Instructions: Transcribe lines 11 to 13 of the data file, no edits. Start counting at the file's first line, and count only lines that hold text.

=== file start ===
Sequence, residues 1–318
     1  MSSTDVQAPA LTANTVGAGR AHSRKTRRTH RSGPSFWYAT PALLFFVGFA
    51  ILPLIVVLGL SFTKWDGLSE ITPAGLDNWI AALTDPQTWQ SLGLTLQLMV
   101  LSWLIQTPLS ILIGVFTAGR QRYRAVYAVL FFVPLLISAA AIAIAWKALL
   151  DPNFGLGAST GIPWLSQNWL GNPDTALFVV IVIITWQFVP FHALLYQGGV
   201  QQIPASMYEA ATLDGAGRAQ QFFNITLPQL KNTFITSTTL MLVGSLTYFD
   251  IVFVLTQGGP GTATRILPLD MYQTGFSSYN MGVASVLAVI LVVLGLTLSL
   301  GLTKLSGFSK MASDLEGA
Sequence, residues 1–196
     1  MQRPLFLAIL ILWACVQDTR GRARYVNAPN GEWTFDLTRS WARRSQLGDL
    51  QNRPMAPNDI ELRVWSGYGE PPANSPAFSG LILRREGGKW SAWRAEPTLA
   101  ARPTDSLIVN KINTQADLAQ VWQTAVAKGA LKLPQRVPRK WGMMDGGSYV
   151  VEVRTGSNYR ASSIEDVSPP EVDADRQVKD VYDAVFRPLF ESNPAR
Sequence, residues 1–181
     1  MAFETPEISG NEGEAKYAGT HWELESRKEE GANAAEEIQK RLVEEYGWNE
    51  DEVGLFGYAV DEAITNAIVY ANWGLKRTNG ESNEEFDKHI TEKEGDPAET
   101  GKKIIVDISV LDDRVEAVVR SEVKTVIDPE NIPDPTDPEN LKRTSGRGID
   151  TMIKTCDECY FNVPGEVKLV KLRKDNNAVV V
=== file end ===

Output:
    51  QNRPMAPNDI ELRVWSGYGE PPANSPAFSG LILRREGGKW SAWRAEPTLA
   101  ARPTDSLIVN KINTQADLAQ VWQTAVAKGA LKLPQRVPRK WGMMDGGSYV
   151  VEVRTGSNYR ASSIEDVSPP EVDADRQVKD VYDAVFRPLF ESNPAR